Thursday, August 5, 2010

Smiling Iron

John Hart, Assistant Curator of Collections

Every once in a while you come across an object in storage and it just makes you scratch your head. Usually it’s due to the fact that it isn’t in the right place, has a numbering issue, or some other issue that you have to figure out. But every now and again, I find an object that makes me scratch my head because it makes me think ‘What the heck!?’

When I was putting something away recently that’s exactly what happened. I’m used to finding objects in the collection that are strange and different; I mean really, we have a two-headed calf and an adult-sized potty chair! But these andirons just made me smile, probably because they were smiling at me.

Andirons, maker unknown, ca. early 1900s, F0035.1954a-b.

We don’t know an awful lot about these objects, though thanks to research done by Cooperstown Graduate Program student Erik Larson* several years ago, we can guess at the history of these whimsical andirons. Erik believed, and I’d say rightfully so, that these andirons were likely products of the early 1900s. Even though they’re cast iron, and constructed using historic methods, it wasn’t until the 1900s that smiley faces were used for advertisements and “the designs of the times mirror the style of these andirons.”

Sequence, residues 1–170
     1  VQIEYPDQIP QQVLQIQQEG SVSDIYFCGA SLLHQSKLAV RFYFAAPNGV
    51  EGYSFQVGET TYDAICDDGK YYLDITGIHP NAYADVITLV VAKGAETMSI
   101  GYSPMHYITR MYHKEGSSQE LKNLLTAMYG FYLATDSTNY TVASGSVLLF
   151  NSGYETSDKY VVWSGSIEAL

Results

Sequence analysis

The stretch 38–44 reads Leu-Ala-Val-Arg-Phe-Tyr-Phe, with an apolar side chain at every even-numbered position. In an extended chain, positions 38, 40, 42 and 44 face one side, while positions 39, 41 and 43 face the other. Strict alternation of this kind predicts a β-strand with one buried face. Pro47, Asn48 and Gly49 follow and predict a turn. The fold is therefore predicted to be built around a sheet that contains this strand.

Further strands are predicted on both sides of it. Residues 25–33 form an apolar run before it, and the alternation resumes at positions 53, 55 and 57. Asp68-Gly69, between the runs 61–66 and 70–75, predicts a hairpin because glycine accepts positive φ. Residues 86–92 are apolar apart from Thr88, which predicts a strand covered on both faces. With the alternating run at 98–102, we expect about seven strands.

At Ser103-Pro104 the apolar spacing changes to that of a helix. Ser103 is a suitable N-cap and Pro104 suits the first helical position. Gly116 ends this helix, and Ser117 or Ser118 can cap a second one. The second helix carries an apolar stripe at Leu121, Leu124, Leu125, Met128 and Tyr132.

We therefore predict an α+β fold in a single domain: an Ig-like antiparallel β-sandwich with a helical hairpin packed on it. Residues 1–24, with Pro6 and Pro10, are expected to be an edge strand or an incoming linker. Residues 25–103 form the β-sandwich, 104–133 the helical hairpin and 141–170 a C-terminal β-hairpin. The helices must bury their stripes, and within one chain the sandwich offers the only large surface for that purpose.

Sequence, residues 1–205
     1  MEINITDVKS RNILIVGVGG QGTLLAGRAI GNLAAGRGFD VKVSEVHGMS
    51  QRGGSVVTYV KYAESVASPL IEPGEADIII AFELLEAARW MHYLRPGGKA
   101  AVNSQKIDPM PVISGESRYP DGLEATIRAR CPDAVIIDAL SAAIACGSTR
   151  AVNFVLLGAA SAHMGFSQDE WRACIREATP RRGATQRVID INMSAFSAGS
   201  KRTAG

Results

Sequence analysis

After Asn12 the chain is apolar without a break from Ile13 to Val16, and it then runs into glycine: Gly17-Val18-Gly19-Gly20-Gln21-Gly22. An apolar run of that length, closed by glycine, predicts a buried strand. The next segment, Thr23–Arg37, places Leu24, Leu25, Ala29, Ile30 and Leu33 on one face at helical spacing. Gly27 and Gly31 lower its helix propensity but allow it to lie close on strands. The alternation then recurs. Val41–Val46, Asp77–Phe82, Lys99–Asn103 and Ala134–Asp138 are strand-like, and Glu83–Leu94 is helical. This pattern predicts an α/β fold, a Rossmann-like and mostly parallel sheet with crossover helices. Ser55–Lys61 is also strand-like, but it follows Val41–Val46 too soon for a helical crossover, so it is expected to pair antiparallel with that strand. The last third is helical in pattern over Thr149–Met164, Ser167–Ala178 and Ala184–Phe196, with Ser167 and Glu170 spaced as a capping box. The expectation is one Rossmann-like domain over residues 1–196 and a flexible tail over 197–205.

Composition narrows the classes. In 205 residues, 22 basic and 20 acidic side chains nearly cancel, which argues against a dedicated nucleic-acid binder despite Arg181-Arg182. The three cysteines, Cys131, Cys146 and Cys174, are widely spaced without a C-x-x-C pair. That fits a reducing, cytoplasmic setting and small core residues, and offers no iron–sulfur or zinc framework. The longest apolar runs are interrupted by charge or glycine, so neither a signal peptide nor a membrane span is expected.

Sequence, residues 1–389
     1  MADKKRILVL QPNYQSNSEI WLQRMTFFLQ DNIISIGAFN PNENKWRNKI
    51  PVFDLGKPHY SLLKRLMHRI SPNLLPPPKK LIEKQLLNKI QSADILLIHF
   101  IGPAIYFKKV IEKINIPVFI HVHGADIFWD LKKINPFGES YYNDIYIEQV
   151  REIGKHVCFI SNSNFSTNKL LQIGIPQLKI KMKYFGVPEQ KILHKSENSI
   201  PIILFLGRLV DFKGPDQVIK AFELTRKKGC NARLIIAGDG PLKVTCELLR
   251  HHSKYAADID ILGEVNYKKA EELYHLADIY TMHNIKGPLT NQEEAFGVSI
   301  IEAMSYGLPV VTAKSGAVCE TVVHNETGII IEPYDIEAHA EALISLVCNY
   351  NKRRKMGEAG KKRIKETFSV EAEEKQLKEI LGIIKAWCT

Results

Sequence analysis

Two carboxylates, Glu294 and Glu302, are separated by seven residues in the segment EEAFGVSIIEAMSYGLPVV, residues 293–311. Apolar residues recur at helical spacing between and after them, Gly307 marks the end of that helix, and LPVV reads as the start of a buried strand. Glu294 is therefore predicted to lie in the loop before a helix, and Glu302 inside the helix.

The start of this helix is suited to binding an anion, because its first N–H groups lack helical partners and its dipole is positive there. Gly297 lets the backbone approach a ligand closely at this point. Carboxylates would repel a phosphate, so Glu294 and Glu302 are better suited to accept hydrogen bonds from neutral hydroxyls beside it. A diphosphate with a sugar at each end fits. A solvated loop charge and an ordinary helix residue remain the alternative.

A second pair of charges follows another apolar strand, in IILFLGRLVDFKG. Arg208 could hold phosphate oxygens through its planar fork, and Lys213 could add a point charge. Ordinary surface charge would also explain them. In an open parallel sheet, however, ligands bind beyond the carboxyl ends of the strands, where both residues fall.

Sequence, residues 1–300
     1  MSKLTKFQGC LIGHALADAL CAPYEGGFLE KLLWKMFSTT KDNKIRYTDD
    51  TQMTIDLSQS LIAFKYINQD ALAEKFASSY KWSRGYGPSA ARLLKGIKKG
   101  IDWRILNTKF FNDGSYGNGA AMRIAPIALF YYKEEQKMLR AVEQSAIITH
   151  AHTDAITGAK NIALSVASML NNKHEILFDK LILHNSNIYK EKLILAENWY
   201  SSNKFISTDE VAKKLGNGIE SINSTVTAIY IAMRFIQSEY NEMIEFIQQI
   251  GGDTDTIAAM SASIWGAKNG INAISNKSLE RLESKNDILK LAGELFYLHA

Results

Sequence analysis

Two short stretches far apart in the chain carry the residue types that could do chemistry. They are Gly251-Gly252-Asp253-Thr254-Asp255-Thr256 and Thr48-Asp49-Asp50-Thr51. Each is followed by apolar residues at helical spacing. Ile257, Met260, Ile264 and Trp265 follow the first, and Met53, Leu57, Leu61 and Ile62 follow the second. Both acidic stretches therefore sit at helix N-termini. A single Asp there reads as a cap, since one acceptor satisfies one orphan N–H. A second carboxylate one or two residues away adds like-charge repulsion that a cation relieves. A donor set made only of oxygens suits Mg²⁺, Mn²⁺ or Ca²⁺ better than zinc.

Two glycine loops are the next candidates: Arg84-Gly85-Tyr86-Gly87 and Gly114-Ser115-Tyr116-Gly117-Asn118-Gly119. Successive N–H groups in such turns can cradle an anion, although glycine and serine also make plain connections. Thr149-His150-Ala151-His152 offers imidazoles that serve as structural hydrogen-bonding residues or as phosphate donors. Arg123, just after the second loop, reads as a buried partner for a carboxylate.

The museum acquired these andirons in 1954 and as Erik stated this eliminates “any reference to the popular “Smiley” fad which was to sweep the world [a decade later].” All I can think of in this reference is that great scene in Forrest Gump when Forrest, on his cross-country run, meets up with the t-shirt salesman who hasn’t done well in business until Forrest wipes his face on the shirt and voila the smiley face is born.

Whatever the history of these andirons turns out to be, one cannot deny the fact that they would be amusing to have in a fireplace, though I imagine with the open eyes and mouth, having a fire behind them could seem a little demonic. Demons aside, I agree with Erik: “The “Smiling Face” andirons are perhaps best viewed as their original maker most likely intended them to be: fun and functional conversation pieces.”

*Larson, Erik. "Untitled," unpublished seminar paper, CGP Methods of Artifact Study, 2002-3.

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